Lynk has been putting in the work and may very well steal their lunch with a satellite-to-phone connection that already works — with any device out there. SpaceX and T-Mobile may have hogged the headlines with their flashy pre-announcement about Starlink connectivity last month, and Apple last week, but Lynk has been putting in the work and may very well steal their lunch with a satellite-to-phone connection that already works — with any device out there. They recently received FCC permission for it, which means it’s simply a question of finding a mobile network partner to bring it to market in the United States.
With its test orbital cell tower, Lynk demonstrated a direct satellite-to-phone (and back) emergency communication service late last year. Lynk would deliver intermittent (imagine every half hour or so) 2-way SMS service using standard cellular bands that happen to reach orbit, as opposed to an orbital broadband link or a legacy satellite band that requires you to aim your phone towards an invisible dot in the sky. It’s designed for emergencies, backcountry check-ins, and distributing information in areas when networks are down, such as disaster zones.
It’s not simple to send a text to or from an antenna travelling at thousands of kilometres per hour, and CEO Charles Miller admitted that it took a few years. So when huge corporations claim they’re working on it, he doesn’t take it personally.
“That’s the advantage of having created the technology five years ago: there are a lot of difficult things that no one else has done yet.” “I’m not saying they can’t; I’m just saying they haven’t yet,” he explained. “In 2017, we validated and patented it.” We did it yesterday and the day before from space – we have the world’s only operating cell tower in orbit.”
Of course, having a thousand of them would be pointless unless you had regulatory permission and mobile partners. That is the next stage for Lynk, and while they have 15 contracts in 36 countries and are ready for commercial launch, the FCC in the United States is the “gold standard” for this type of testing and certification.
This isn’t only because they have the greatest facilities; the FCC clearance process is also a de facto battleground where corporations try to interfere with one another. For example, Hughes, which runs several communications satellites, objected to Lynk’s application on a variety of grounds (which the FCC rejected), and Amazon’s Kuiper demanded that Lynk disclose operating data with everyone else (not granted). The National Radio Astronomers Organization made a relevant proposal that was partially granted, requesting different operational constraints, such as avoiding damaging radio silent zones.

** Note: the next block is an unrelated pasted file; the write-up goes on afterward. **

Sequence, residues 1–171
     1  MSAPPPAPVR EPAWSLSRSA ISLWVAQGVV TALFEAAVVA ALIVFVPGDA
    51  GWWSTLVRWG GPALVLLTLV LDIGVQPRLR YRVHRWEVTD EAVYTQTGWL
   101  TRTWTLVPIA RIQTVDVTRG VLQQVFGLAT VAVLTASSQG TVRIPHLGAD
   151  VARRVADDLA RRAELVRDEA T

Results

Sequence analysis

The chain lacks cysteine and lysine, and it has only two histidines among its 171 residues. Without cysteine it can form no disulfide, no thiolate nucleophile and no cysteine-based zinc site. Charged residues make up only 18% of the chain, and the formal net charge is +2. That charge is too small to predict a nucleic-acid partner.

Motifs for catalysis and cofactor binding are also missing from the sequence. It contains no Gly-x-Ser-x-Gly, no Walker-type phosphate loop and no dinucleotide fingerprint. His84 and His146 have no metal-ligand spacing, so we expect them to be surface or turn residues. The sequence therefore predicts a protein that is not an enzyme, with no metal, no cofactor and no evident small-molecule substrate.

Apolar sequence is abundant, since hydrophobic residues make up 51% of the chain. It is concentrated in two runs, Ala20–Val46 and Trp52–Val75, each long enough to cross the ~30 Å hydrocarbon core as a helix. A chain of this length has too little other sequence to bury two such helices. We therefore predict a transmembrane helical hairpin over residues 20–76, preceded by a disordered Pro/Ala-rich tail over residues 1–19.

There’s more to the FCC than just one step. The ruling issued today allows Lynk’s satellite services to function in general, after demonstrating that they would not interfere with other services, radio bands, and so on. When Lynk finds a partner to go to market with, different permission will be required — but the more difficult and time-consuming subject of safety and interference has already been resolved.
And how will that go-to-market component function? Lynk intends to offer commercial service everywhere in the world, and Miller stated that he intends to convert testing permits obtained in other countries into commercial licenses, a process that mobile operators must lead. It’s the same thing in the United States.
But who will collaborate with Lynk, and what will the eventual service look like? Miller has stated that regardless of the commercial product, Lynk will make its services available to everyone in an emergency — so you won’t be caught in a snowstorm just because you’re on the incorrect network. It might also be used to blanket a region with warnings or information regardless of signal, such as informing victims of a fire.
Consider it like a roaming fee: if AT&T has service but you don’t have their network, they don’t prevent you from dialling 911 or downloading Tiktok; you simply have to pay later. And when you injure your ankle 20 miles from civilization, the last thing anyone wants to think about is a 50-cent charge (or whatever it is).
Miller declined to comment on the competition since there isn’t any yet – it’s all hypothetical. T-Mobile and Starlink’s service is still a glimmer in their eyes; AST Spacemobile is preparing for its maiden launch; Skylo uses geosynchronous satellites that interact with particular devices, and Apple’s service is also confined to its latest phones and has limited messaging capabilities. Of course, you can buy specialist satellite messaging devices, but nothing surpasses the one you currently have.
There is no definite launch date for availability in the United States, and Lynk will need to launch the remainder of its 10-satellite constellation before it can give the level of service detailed to the FCC – but these days, if you have the money, you can catch a ride to space every week or two. Expect to hear more about this possibly life-saving service in the coming months, but don’t expect it to be available this ski season.